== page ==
Vrinda and Swastika’s paper on larval food choice behaviour in response to prior experience with new foods is out in Ecological Entomology!
Several decades ago, it was observed that the juvenile (or larval) stages of several insects change their feeding preference in response to prior experience (“induction of preference”). We explored this trait in the ecological context of a generalist insect. Using behavioural experiments and larval fitness measurements, we characterized the induction of preference in the generalist red flour beetle, Tribolium castaneum, whose natural habitat (stored grain warehouses) presents high heterogeneity in resource availability. We explored how the induction of preference in the larval stage affects feeding behaviour in temporally or spatially heterogenenous habitats.
As observed in previous studies, we found that the feeding preference of beetle larvae is highly plastic. We also found such plasticity under spatial and temporal resource heterogeneity, even when these resources were suboptimal. Interestingly, induction does not occur for a resource that decreases larval survival, but does occur for resources that decrease fitness in a less severe manner, by slowing down development rate. We think that such food preference induction may facilitate the expansion of this species’ dietary niche in unfamiliar habitats. If this is true, and if feeding preference is under selection in heterogeneous habitats, then this implies that generalists may often pay a cost of slow development in a novel resource, because the benefits of using the new resource outweigh the costs of specialization on only a few familiar resources.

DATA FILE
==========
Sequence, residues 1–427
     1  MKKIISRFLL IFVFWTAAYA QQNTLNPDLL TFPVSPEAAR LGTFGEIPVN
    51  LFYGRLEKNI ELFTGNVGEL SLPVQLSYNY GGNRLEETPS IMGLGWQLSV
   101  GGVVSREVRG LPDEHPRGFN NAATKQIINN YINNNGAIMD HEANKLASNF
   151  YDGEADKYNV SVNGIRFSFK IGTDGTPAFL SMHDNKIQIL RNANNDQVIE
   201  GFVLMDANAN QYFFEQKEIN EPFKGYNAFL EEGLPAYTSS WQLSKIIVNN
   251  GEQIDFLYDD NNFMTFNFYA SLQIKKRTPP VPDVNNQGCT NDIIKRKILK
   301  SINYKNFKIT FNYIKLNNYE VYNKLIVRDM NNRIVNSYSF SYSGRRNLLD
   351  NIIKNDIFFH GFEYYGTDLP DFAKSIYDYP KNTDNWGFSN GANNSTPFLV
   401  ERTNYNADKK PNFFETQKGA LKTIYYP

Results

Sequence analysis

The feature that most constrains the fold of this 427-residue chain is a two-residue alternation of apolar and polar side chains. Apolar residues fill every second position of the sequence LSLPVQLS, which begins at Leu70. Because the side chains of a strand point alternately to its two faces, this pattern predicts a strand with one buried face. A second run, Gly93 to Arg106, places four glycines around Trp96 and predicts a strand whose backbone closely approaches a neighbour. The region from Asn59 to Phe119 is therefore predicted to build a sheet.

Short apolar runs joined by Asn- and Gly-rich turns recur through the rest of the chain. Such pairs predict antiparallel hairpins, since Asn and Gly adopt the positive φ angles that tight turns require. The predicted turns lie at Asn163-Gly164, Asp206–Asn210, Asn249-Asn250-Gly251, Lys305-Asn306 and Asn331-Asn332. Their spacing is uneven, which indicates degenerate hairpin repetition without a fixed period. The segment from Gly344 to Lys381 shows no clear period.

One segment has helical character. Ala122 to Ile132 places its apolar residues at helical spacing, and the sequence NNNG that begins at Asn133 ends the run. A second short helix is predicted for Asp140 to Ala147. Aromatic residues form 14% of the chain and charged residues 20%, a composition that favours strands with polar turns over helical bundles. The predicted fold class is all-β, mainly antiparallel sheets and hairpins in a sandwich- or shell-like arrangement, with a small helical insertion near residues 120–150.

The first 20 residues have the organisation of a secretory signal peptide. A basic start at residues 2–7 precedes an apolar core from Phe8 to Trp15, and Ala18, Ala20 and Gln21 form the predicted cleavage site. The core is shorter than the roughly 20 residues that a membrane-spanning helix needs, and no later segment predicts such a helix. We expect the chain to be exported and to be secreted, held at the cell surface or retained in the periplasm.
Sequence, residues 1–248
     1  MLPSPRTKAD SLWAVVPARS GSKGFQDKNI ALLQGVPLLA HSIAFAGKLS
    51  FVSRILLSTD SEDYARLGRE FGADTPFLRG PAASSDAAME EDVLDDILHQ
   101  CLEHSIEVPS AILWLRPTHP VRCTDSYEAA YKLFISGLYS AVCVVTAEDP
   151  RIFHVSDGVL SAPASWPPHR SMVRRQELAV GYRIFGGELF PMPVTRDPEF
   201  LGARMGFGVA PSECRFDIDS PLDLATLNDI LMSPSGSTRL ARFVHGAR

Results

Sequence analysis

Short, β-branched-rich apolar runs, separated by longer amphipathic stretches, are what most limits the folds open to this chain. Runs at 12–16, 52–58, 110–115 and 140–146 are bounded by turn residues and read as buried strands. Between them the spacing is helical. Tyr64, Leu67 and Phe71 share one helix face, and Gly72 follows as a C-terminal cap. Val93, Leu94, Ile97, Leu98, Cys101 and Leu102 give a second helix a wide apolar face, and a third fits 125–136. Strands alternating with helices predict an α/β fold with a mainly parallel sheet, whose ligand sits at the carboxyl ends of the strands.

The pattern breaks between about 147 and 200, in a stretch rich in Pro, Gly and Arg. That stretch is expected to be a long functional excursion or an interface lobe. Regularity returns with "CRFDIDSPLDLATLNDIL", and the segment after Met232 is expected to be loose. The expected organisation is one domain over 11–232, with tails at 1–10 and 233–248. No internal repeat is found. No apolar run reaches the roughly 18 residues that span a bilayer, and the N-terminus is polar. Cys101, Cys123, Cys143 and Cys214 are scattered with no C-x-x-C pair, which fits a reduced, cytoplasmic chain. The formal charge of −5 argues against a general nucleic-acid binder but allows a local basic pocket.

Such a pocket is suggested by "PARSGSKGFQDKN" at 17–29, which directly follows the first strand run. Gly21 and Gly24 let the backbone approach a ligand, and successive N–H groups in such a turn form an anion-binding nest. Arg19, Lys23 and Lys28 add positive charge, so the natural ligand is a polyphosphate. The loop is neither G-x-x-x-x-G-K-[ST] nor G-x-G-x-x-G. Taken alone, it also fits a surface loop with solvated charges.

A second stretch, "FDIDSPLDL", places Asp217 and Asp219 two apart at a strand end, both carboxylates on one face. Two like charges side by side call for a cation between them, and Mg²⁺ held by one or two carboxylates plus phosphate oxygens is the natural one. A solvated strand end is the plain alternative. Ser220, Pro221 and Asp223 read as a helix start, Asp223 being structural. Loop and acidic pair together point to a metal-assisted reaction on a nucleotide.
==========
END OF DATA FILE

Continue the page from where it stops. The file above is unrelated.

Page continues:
For more details, read the paper.